Wednesday 17th September 2014
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The Government Communications Security Bureau may expand its 'Project Cortex' to sharing malware-disrupting technology with local internet service providers, according to Cabinet papers declassified by Prime Minister John Key.
The project is described as countering advanced cyber threats and would see the communications-focused spy agency deliver advanced malware detection services to an undisclosed number of entities including government agencies and "organisations of high economic and/or operating critical national infrastructure", including niche exporters and research institutions. Those services would be an "active disruption" of foreign-sourced advanced malicious software, known as malware, reducing vulnerability to attack and mitigating harm by technical countermeasures acting before the fact by blocking the ability of malware to target organisations.
The GCSB recommended the extension of the 'active' programme to an internet service provider under pilot conditions, to see how it would work in a commercial context.
"If the pilot is successful, a proposal will be prepared for Ministerial consideration outlining the costs and benefits of wider deployment," according to an undated document entitled 'Project Cortex Business Case' that appears to have been written in late June or early July, based on dates on other documents. "This wider deployment would be led by industry, on a cost-recovery/profit basis, not by GCSB."
Spark New Zealand, the country's biggest ISP with about 49 percent of the market, hasn't had formal discussions with the GCSB about the project, according to a spokesman, while Vodafone New Zealand, which has about 32 percent of the market, declined to comment.
The GCSB met with an undisclosed number of major private sector firms deemed to be of national importance, all of whom "confirmed interest in engaging further on the proposals in the event that funding is secured." It considered charging users, but rejected that in the short-term as it would need an amendment to legislation.
The spy agency's business case focuses on "cyber-borne threats that are foreign-sourced and particularly advanced in terms of technical sophistication and/or persistence," said the document.
Under threat are intellectual property and damage to IT systems that can't be countered by commercial available tools, and malware had already targeted "key economic generators", including a large New Zealand firm, niche exporters in knowledge-intensive industries, major IT service providers and government agencies, the documents say.
"The economic harm caused by advanced malware is significant, although hard to quantify at the macroeconomic level or even for individual organisations. It is hard to quantify because, for example, in the case of loss of intellectual property (IP) - often the most immediate target of a successful malware attack - there is no widely accepted means of valuing IP prospectively."
A key plank of last year's legislative amendment governing the GCSB was splitting its information assurance activities from its cyber-security and cooperation functions to let the agency play a major role in the wider cyber-security domain, as host of the National Cyber Security Centre and sharing its capabilities and expertise with other agencies.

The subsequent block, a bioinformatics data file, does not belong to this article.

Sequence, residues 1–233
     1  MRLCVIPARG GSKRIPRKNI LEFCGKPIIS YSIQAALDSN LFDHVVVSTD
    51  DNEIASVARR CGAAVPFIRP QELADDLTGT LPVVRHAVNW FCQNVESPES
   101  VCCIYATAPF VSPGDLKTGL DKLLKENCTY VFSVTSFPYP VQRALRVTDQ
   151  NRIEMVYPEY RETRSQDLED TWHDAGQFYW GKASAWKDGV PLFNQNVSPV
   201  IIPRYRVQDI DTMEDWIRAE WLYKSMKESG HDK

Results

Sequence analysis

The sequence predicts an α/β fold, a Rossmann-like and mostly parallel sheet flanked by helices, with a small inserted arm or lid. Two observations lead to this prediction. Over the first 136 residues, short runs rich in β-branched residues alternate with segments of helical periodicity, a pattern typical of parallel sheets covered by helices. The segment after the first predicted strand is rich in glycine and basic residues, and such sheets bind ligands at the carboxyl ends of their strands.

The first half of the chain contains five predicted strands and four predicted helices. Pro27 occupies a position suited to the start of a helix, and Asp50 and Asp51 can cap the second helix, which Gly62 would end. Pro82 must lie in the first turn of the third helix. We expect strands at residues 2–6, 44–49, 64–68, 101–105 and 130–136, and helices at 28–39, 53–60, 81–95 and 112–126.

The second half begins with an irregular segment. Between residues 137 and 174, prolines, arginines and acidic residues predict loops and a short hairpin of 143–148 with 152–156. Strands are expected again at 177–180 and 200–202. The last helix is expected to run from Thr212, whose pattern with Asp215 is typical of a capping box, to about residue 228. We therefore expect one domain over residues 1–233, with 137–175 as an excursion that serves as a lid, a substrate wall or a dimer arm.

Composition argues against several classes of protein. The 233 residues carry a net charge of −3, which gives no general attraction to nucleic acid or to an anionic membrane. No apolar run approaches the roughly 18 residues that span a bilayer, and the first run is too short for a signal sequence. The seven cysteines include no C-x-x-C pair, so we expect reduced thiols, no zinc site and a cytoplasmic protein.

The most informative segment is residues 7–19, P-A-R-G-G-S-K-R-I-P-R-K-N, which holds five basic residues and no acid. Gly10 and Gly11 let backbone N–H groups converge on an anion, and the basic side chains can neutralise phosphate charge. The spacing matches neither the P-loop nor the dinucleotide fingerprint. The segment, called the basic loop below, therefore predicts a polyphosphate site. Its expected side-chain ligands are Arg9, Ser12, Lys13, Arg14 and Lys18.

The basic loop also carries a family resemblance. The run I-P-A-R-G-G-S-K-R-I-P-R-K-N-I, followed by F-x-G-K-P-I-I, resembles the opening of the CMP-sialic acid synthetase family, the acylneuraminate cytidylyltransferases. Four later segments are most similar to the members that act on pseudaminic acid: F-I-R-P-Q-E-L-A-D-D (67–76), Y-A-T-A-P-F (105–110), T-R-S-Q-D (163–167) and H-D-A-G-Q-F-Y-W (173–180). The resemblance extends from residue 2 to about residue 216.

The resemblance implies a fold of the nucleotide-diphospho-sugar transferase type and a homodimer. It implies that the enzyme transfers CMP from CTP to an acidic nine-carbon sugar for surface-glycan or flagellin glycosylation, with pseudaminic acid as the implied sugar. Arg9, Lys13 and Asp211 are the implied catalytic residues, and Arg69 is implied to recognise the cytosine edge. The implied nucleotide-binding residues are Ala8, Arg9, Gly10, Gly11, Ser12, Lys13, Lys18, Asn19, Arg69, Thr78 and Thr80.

The GCSB won't procure or develop bespoke systems, instead integrating with components already available and tested over several years, including widely available commercial off-the-shelf systems, single source systems, and some available only through government-to-government agreement.
Key released the declassified papers yesterday in response to claims by Intercept journalist Glenn Greenwald and former US National Security Agency contractor-turned-whistleblower fugitive Edward Snowden, that New Zealand's GCSB embarked on plans to implement mass metadata surveillance, including the tapping of the Southern Cross Cable, in 2012 and 2013, in an initiative called 'Speargun'.
Key has insisted that the GCSB hasn't undertaken mass surveillance of New Zealanders or collects their metadata, and said the highest form of protection considered by the agency was never completed nor put to Cabinet.
Project Cortex wasn't seen as causing material privacy issues, with controls including how data is access, stored, shared and disposed of. The business plan said there will be no mass surveillance, and that data will be accessed by GCSB only with the consent of owners of relevant networks or systems.
According to a minute to a July 28, 2014 meeting, Cabinet decided against pursuing the GCSB's recommended option, which included the pilot ISP sharing programme. Instead, it directed the spy agency to consult with the Minister for Communications and Information Technology, currently Amy Adams, on plans to involve an ISP, and to report to Key, the Minister responsible for the GCSB, and the IT minister on the implications of including an ISP in the project.
The 'active' option backed by Cabinet would be 10 percent cheaper than the 'proactive' option preferred by GCSB, and would forgo a third of the benefits with "far fewer" organisations receiving the malware disruption service. That in turn would reduce security risk as GCSB technology wouldn't be shared with an ISP.
The GCSB is to report back to ministers with an option to embark on the pilot by September 2015, and a funding contingency was extended to Jan. 31, 2016.
The business case was reviewed in May and June of this year by Key as GCSB minister, Adams as IT minister, Finance Minister Bill English, Economic Development Minister Steven Joyce, Foreign Affairs Minister Murray McCully, Defence Minister Jonathan Coleman and Attorney-General Chris Finlayson.
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